Google Maps Now Showing Southern California Coastal Cities Drowned in Sea Level Rise

Google Maps Underwater - Sea Level Rise in California
Google Maps users in California might be surprised to find their neighborhood underwater on the app. Google Maps

Updated | Google Maps appears to have encountered a rather futuristic glitch as of Friday afternoon.

On the same day as a major study was released predicting 200 feet of sea level rise in a worst-case climate change scenario, bits of Southern California coastal cities began to appear underwater on Google Maps. Venice, Malibu, Manhattan Beach and Redondo Beach are among the casualties. Their virtual watery demise was a just a glitch, Google Maps communications specialist Mara Harris said Friday afternoon, and may have something to do with the multiple streams of data Google pulls from to make their maps.

"The various types of data found in Google Maps come from a wide range of sources. Our basemap data - things like ocean, road networks, and place names comes from a combination of third-party providers, public sources, and user contributions," she said via email. "Overall, this provides a very comprehensive and up-to-date map, but there are occasional inaccuracies that arise from any of those sources."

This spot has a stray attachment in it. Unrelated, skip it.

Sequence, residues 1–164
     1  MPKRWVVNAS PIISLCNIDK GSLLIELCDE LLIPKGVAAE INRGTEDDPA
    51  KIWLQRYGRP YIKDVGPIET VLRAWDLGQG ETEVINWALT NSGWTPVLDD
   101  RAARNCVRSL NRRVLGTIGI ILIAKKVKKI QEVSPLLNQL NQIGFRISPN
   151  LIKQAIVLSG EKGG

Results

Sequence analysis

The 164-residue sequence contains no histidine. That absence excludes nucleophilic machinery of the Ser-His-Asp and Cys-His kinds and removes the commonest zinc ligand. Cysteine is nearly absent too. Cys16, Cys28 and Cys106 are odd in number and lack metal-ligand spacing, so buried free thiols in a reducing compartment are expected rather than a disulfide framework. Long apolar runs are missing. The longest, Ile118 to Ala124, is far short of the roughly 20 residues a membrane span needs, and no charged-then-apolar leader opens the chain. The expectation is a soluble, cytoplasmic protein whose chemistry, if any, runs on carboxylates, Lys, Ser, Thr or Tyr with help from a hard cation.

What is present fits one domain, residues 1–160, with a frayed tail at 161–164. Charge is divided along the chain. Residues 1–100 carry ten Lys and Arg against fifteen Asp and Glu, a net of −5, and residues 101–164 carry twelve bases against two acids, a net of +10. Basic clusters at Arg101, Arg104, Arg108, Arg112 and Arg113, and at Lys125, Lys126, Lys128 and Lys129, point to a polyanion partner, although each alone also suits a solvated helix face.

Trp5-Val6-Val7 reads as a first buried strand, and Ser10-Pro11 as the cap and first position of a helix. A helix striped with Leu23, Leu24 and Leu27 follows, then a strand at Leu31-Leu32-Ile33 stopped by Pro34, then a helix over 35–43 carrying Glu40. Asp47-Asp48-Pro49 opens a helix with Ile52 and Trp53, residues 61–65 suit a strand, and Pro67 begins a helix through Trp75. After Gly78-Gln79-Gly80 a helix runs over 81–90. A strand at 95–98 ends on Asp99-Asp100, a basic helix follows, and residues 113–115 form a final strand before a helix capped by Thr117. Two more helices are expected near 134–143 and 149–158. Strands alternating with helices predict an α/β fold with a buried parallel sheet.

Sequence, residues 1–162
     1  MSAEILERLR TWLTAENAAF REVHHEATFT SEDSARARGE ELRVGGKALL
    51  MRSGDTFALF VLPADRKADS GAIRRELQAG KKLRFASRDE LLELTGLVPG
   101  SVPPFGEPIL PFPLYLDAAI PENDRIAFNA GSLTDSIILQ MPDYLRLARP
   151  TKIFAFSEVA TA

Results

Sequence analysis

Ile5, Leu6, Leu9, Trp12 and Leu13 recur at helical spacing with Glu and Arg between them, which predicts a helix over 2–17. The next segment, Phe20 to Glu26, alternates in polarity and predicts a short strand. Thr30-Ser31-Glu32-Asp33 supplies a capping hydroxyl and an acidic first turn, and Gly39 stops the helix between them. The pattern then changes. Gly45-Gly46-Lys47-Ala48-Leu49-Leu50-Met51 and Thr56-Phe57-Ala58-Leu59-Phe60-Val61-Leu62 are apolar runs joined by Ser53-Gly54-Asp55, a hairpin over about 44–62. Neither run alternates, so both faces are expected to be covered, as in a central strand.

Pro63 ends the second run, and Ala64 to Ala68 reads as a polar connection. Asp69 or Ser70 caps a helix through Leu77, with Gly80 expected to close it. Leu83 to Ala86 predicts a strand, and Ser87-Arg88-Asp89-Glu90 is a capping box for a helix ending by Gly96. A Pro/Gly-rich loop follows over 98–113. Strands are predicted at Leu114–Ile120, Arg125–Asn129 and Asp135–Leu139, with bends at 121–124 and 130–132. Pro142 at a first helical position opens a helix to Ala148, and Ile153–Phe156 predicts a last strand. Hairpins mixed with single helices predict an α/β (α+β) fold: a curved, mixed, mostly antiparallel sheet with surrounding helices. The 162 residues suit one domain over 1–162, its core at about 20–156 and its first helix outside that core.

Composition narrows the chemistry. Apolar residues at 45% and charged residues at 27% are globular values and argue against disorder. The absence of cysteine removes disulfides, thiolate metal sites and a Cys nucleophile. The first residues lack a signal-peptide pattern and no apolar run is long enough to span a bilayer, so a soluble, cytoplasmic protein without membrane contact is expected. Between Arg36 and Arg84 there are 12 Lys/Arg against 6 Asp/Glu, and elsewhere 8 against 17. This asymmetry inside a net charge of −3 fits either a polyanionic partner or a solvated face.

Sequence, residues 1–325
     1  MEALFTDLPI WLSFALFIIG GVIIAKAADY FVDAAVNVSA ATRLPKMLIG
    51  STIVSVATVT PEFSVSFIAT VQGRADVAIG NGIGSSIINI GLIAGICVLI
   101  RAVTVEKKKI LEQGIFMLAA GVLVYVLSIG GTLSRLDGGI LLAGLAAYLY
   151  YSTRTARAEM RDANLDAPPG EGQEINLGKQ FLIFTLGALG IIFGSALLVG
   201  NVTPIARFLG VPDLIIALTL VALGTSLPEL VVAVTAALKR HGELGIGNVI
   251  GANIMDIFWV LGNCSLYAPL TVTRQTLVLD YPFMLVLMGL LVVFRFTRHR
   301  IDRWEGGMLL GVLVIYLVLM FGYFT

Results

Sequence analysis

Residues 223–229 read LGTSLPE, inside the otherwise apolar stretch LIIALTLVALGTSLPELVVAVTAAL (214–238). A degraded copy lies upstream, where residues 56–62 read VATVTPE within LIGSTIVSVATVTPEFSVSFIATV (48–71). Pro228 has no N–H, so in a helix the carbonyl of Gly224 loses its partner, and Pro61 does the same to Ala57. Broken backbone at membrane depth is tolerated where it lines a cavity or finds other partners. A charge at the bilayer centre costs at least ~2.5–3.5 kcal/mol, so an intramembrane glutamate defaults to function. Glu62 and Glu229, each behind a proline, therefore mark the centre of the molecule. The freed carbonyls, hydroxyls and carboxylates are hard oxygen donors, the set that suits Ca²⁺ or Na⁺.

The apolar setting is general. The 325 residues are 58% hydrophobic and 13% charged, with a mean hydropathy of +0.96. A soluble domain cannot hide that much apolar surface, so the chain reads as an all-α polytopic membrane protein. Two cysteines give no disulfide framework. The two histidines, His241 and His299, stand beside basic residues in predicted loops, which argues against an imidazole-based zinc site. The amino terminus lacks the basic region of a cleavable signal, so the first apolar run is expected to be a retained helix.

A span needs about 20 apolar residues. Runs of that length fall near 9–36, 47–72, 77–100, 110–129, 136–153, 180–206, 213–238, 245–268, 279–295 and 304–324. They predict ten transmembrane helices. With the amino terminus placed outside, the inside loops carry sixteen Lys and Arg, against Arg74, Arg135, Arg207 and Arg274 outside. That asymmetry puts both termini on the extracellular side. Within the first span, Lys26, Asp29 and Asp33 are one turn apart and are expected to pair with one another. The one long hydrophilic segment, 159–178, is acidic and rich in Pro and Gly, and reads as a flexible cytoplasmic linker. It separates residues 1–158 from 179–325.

Still, it is an interesting sight to behold, and not unlike other maps of cities imagined in a higher-sea-level world.

Below, Malibu is simply underwater:

Along with the Pacific Coast Highway:

Pacific Coast Highway
Google Maps

Venice Beach and boardwalk, near Google's own Venice offices, has been hit quite bad.

Venice
Google Maps
Venice Beach Boardwalk
Google Maps

Manhattan Beach also appears underwater.

Manhattan Beach 2
Google Maps

Redondo Beach appears obliterated:

Palo Verdes did not fair well either:

Palo Verdes
Google Maps

Update: This post has been updated with comment from Google Maps confirming that the waterlogged maps are a glitch, not an intentional portrayal of sea level rise.

Google Maps Now Showing Southern California Coastal Cities Drowned in Sea Level Rise | Tech & Science